For further information or assistance with any of the matters discussed above please contact a member of the team

    © Howes Percival LLP

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  • 05/06/2017 Disability related absence was not cause of redundancy dismissal

    In Charlesworth v Dransfields Engineering Services Ltd the EAT held that the Claimant’s absence from work due to a disability was not an operative cause of his dismissal by reason of redundancy. 

    NEWS

    In Charlesworth v Dransfields Engineering Services Ltd the EAT held that the Claimant’s absence from work due to a disability was not an operative cause of his dismissal by reason of redundancy. His absence had merely allowed the Respondent to identify its ability to manage without him. As a result, the EAT rejected the Claimant’s claim of discrimination arising from disability.

    DETAILS

    In this case, the Respondent was not achieving the profitability that management desired and was on the lookout to make cost savings from 2012 onwards. In October 2014, the Claimant went into hospital for an operation for renal cancer and was absent from work for two months.  During his absence, the Respondent identified the opportunity to save around £40,000 by getting rid of his position as Manager of the Respondent’s Rotherham branch and absorbing his responsibilities into other roles.  The Claimant was notified of his potential redundancy in March 2015, and engaged in consultation with the Respondent.  However, no suitable alternative vacancy could be identified. The Claimant brought claims against the Respondent for unfair dismissal, direct disability discrimination and discrimination because of something arising in consequence of disability.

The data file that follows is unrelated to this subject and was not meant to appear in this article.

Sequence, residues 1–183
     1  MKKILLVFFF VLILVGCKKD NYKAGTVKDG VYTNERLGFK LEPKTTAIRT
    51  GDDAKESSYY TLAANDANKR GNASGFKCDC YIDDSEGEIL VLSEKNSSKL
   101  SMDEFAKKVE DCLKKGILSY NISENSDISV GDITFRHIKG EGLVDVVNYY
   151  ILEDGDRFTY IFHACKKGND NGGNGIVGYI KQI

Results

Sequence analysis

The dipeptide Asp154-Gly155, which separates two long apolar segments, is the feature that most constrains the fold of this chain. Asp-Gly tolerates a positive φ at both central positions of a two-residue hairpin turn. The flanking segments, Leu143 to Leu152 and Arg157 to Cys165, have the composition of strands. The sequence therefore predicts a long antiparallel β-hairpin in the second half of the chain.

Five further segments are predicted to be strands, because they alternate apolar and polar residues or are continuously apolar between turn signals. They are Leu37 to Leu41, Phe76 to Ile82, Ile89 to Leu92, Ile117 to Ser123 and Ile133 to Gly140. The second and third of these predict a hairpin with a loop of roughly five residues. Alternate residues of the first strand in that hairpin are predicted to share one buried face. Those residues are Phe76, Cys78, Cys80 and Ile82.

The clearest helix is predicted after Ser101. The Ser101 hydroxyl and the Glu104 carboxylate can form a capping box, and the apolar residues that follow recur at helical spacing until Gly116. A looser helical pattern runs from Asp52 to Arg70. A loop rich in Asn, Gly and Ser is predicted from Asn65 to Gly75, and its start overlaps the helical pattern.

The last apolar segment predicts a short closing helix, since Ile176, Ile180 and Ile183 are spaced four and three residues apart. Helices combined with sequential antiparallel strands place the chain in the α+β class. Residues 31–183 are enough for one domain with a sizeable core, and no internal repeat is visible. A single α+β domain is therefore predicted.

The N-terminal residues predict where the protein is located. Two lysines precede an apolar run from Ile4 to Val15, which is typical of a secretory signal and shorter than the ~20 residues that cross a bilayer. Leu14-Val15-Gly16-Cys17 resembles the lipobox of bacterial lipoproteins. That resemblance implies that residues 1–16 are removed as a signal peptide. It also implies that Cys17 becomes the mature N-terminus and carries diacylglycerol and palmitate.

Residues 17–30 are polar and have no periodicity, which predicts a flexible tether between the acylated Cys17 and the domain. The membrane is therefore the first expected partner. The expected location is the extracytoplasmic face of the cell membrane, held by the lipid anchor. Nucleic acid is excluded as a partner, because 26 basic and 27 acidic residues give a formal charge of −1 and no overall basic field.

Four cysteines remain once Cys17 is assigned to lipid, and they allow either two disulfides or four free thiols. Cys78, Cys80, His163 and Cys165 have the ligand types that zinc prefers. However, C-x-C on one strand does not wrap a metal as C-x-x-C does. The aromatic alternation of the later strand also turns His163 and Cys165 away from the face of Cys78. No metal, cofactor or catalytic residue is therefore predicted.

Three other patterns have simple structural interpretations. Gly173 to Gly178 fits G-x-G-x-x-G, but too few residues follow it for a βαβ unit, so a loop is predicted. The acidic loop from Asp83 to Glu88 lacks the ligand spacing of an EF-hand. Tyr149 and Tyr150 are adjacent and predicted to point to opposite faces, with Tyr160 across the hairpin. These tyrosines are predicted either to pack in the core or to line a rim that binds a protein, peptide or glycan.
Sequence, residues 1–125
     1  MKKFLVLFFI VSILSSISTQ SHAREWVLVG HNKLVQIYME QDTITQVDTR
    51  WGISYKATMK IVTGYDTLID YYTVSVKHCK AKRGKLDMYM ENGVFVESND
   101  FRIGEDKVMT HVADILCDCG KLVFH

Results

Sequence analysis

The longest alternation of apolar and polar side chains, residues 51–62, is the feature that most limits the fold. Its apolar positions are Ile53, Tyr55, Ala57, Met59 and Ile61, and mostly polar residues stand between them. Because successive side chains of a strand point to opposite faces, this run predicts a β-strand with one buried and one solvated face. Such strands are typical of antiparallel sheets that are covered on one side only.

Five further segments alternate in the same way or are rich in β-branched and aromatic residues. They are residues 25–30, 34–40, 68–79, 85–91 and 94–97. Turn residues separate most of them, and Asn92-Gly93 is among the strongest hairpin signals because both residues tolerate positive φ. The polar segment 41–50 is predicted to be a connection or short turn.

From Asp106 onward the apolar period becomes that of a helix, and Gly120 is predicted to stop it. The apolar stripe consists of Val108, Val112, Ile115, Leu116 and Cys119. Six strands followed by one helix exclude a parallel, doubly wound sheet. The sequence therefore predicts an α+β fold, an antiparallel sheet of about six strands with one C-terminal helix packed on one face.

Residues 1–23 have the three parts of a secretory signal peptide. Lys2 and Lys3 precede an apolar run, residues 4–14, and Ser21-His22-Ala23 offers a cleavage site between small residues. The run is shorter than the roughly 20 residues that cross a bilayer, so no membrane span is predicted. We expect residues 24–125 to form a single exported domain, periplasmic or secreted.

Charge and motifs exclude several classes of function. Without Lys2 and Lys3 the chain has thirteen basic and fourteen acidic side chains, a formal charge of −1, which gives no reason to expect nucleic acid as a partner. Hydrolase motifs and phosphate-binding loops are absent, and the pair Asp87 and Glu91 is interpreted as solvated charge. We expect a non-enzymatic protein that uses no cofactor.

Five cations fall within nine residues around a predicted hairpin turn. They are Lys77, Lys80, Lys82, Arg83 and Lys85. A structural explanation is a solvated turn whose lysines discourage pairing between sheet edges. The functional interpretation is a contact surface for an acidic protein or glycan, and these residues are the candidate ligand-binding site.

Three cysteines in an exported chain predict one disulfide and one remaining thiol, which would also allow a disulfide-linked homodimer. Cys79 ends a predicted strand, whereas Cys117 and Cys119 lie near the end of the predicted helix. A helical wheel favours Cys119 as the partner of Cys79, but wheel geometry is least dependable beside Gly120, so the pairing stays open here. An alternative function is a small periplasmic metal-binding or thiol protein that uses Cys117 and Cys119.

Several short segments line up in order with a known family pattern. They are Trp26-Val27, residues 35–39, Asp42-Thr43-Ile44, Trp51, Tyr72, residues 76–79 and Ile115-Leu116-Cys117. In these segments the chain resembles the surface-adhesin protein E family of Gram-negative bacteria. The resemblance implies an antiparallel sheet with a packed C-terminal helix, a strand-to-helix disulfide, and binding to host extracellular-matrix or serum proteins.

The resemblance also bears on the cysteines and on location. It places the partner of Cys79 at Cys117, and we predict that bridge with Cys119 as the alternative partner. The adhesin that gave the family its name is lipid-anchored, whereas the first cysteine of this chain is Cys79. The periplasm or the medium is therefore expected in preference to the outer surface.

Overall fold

The Employment Tribunal rejected the claims.  With regards to discrimination because of something arising in consequence of disability pursuant to section 15 of the Equality Act 2010, it noted that there was some link between the Claimant’s absence and his dismissal because his absence gave the Respondent an opportunity to identify that it could manage without him. However, the Tribunal considered that this was not the same as saying that the Claimant was dismissed because of his absence. In its view, the Claimant’s absence was not an effective or operative cause of his dismissal.  The Claimant appealed.

    The Employment Appeal Tribunal (“EAT”) dismissed the Claimant’s appeal finding that under section 15 there must be something arising in consequence of the disability and the unfavourable treatment must be ‘because of’ that ‘something’. Whilst the EAT felt that the words "arising in consequence of" may give some scope for a wider causal connection than the words "because of", it rejected the Claimant’s argument that something less than an operative cause or influence is sufficient to satisfy the causation test. A significant influence is required rather than a mere influence. On that basis, the Employment Tribunal was correct in concluding that the Claimant’s absence was merely how the Respondent realised that it was able to manage without the Claimant; it was not the cause of his dismissal.

    COMMENT